Branch Object: Current(A), Parent(Null), Child(B)
   Branch Object: Current(B), Parent(A), Child(C, D, E, F, G, H )

   From the above example, we can see that using the option 1, the B
   node is repeated 6 times in the request message and using the
   option2, the B node is only repeated 2 times in the request message.


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3.6. UNREACH_DESTINATION object

   The PCE path computation request may fail because all or a subset of
   the destinations are unreachable.

   In such a case, the UNREACH-DESTINATION object allows the PCE to
   optionally specify the list of unreachable destinations.

   This object can be present in PCRep messages. There can be up to one
   such object per RP.

   UNREACH_DESTINATION  Object-Class is to be assigned by IANA.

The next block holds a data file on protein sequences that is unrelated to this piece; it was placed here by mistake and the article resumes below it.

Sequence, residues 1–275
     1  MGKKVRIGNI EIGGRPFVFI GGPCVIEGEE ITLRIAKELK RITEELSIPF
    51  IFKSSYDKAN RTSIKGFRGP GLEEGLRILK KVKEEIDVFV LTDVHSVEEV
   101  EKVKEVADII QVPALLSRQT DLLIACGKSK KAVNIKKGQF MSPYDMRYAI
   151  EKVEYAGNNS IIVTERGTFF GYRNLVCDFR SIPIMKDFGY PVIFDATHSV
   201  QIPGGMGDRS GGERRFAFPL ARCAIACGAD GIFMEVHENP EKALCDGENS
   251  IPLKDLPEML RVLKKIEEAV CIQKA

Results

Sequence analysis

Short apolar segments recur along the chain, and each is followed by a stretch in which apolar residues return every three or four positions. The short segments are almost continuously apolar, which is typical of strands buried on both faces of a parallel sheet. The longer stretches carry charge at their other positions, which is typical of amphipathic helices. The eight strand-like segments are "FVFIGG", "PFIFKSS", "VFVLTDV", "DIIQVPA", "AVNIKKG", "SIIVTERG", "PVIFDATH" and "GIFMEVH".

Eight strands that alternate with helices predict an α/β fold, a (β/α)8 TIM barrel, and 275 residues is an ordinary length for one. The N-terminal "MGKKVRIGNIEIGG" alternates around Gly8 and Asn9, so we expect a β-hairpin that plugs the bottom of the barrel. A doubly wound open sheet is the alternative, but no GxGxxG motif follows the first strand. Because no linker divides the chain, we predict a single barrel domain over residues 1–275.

UNREACH_DESTINATION Object-Type for IPv4 is to be assigned by IANA

   UNREACH_DESTINATION Object-Type for IPv6 is to be assigned by IANA.

   The format of the UNREACH_DESTINATION object body for IPv4
   (Object-Type=1) is as follows:

   0               1               2                3
   0 1 2 3 4 5 6 7 0 1 2 3 4 5 6 7 0 1 2 3 4 5 6 7 0 1 2 3 4 5 6 7
   +-+-+-+-+-+-+-+-+-+-+-+-+-+-+-+-+-+-+-+-+-+-+-+-+-+-+-+-+-+-+-+-+
   |                  Destination IPv4 address                     |
   +-+-+-+-+-+-+-+-+-+-+-+-+-+-+-+-+-+-+-+-+-+-+-+-+-+-+-+-+-+-+-+-+
   +-+-+-+-+-+-+-+-+-+-+-+-+-+-+-+-+-+-+-+-+-+-+-+-+-+-+-+-+-+-+-+-+
   ~                           ...                                 ~